More Guidance for Loan Suspensions Under CARES Act
For defined contribution plans, the CARES Act enacted special loan rules that may apply to new loans issued during March 27, 2020, through September 22, 2020 (CARES Act loans cannot be made on or after September 23, 2020). A new CARES loan may be up to $100,000 and 100% of the qualified individual’s account balance. In addition, for new and existing loans, the CARES Act allows a plan to suspend any loan repayment due between March 27, 2020, and December 31, 2020. The new guidance creates a safe harbor method for such loan suspension. Under the safe harbor method, plan loan repayments must resume in January 2021. The plan also may extend the loan term by up to one year, even if this extension means the maximum loan period exceeds five years. The loan balance and future payments must be reamortized and adjusted for interest during the loan suspension period. Although the IRS indicated that other loan suspension methods may be reasonable and permissible, the safe harbor is likely the CARES loan methodology that most plans will implement for administrative ease and to ensure level loan repayment amounts for qualified individuals in 2021.
More Lucidity on 2020 Required Minimum Distributions Under CARES Act
The CARES Act waived the 2020 required minimum distribution (RMD) payments at age 70½ from defined contribution plans and IRAs. This optional relief allows participants to delay RMD payments and avoid taking a distribution while the value of their retirement plan investments is significantly reduced. Recent IRS guidance provides that participants, who receive 2020 RMD payments, can roll them into an eligible retirement plan, including the original distributing plan. Specifically, the following types of two types of distributions may be rolled into an eligible retirement plan.
- RMD payments paid in 2020 that equal the 2020 pre-CARES RMD payment amounts, regardless of whether the payments are part of substantially equal period distributions.
- RMD payments paid in 2021 for participants with a required beginning date of April 1, 2021, but only if such participant first receives amounts equal to 2021 RMD payments.
For plan participants who already received RMD payments in 2020, the IRS extended the 60-day rollover and repayment periods to August 31, 2020, for both defined contribution plans and IRAs, including an inherited IRA.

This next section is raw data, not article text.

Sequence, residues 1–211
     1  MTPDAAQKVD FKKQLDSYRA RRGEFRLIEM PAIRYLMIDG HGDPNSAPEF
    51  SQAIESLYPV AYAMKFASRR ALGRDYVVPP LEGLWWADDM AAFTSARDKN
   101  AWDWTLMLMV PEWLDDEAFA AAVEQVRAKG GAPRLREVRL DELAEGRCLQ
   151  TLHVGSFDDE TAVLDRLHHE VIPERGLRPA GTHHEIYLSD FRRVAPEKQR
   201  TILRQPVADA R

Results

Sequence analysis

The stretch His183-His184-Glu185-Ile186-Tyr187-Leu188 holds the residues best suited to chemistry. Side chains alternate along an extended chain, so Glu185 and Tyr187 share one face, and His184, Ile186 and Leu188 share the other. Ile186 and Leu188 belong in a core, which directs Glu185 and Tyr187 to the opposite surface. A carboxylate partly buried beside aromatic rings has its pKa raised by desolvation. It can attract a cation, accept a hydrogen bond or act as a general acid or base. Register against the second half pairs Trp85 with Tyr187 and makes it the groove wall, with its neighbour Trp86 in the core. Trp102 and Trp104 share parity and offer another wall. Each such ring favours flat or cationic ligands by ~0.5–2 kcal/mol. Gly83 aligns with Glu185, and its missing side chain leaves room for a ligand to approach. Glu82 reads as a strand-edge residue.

Participant Relief for Nonqualified Deferred Compensation Plan
The tax code generally requires that a participant make an irrevocable salary deferral election to a nonqualified deferred compensation plan for the upcoming year. Despite all of the relief included in the CARES Act, the CARES Act did not include any specific provisions that allowed a participant to cancel a salary deferral election under a nonqualified deferred compensation plan due to COVID-19. Even if a participant was a qualified individual with a covered distribution, the CARES Act did not seem to allow a participant to cancel a salary deferral election under a nonqualified deferred compensation plan, unless the participant met the more strenuous rules for an unforeseeable emergency under a nonqualified deferred compensation plan or for a hardship distribution under a defined contribution plan.
The recent IRS guidance provides new relief for qualified individuals in nonqualified deferred compensation plans. If a participant receives a covered distribution from an eligible retirement plan, then the nonqualified plan correspondingly may permit such individual to cancel an otherwise irrevocable salary deferral election to a nonqualified deferred compensation plan.
Plan Amendments for CARES Act
The new guidance indicates that all defined contribution plans will be treated as operating in accordance with the CARES Act, as long as the plan sponsor amends the plan by the CARES Act deadline. For any defined contribution plan that implements CARES Act loans, covered distributions or RMD changes, the plan must be amended by the end of the 2022 plan year. However, if a nonqualified deferred compensation plan currently does not permit cancellation of a salary deferral election for a hardship distribution under a defined contribution plan, then the nonqualified plan will require an amendment before cancellation of such election for a covered distribution.
For more information on the new CARES Act guidance, please contact your regular Firm employee benefits attorney or one of the listed authors.